Reflectively coated sheet 10 forms a suitable mirror material for use in a number of articles. For example, Christmas tree ornaments of relatively small size may be stamped from the sheet. The use of styrene allows such mirror material to be fabricated relatively inexpensively. However, it should be noted that sheet 10 is typically rather thin, a thickness of approximately 0.75 millimeters (0.030 inches) being typical in novelty items and toys. In such thicknesses, a styrene sheet is relatively flexible and cannot be self-supporting over a distance of more than a few centimeters.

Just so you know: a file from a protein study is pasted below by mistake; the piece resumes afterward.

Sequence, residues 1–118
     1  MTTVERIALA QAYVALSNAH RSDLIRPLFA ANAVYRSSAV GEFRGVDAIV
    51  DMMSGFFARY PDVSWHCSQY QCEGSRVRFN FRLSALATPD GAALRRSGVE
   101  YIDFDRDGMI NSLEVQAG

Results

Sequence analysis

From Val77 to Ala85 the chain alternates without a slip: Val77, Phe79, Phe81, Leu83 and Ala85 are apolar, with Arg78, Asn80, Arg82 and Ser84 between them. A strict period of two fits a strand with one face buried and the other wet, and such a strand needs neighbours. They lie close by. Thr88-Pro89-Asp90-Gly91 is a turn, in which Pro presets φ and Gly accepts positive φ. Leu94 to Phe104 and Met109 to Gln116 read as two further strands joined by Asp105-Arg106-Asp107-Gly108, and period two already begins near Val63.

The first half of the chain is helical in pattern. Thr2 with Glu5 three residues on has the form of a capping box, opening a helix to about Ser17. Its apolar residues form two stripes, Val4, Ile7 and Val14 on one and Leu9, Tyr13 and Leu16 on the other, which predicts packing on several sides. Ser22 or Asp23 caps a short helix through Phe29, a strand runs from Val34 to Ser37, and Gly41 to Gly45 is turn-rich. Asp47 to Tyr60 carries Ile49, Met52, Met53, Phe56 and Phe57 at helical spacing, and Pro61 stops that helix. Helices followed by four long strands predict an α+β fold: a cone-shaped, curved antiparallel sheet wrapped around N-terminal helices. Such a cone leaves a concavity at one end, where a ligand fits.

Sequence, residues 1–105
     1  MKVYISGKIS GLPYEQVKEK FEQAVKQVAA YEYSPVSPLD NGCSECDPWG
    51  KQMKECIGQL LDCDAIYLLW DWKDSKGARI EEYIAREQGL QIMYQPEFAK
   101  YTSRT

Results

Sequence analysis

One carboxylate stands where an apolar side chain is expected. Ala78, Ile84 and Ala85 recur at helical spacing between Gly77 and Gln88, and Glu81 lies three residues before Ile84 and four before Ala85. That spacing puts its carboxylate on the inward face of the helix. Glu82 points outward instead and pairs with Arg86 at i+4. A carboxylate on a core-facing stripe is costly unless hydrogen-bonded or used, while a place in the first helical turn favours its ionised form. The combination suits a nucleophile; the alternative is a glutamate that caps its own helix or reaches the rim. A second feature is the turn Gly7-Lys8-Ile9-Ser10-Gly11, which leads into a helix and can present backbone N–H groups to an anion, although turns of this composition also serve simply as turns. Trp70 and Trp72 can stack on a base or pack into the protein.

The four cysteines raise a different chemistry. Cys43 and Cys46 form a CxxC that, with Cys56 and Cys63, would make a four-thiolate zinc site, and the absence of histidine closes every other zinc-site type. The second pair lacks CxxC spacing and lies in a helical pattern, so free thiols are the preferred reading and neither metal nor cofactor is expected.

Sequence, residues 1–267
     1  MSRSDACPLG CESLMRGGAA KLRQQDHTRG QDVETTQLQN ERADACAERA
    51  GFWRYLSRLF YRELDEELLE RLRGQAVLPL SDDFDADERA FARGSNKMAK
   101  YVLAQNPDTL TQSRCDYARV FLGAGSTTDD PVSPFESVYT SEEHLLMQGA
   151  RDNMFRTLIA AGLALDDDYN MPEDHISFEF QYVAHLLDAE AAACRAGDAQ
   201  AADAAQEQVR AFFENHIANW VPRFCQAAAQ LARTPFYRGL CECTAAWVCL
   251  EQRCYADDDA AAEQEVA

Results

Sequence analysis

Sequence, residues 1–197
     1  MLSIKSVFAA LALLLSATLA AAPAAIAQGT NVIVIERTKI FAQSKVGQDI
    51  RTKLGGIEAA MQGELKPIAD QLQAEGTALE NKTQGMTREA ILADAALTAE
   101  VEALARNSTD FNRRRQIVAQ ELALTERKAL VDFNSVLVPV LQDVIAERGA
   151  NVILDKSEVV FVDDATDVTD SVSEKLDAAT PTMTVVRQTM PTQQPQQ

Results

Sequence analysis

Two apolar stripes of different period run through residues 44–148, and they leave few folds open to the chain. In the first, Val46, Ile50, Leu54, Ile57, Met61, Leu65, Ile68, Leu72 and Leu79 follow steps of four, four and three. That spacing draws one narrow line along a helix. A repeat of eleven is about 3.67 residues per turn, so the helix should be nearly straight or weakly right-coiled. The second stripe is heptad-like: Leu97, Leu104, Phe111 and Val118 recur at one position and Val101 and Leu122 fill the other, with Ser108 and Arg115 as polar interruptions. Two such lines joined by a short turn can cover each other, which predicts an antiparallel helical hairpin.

FIGS. 4-6 illustrate further steps that may be performed on sheet 10 to provide optically flat mirrors for use in devices requiring a high degree of flatness, such as kaleidoscopes. As shown in FIG. 4, surface 13, the non-mirrored surface, is scored along one or more straight lines 30 to a depth that does not penetrate the full thickness of sheet 10. This relationship is shown more clearly in FIG. 5. The cut has a bottom 32 at a depth that is preferably a major portion of the sheet thickness, leaving a relatively thin portion 35 between surface 12 and bottom 32. The scoring step may be carried out by any apparatus suitable for providing a very straight cut of uniform depth. The ultimate flatness of the finished mirror article depends on this. In order to minimize the distortion of material in sheet 10, the blade used to provide the cut should be thin. Even then, a certain amount of material displacement is inevitable, typically resulting in a V-shaped groove 37 and ridges 38 along either side of groove 37.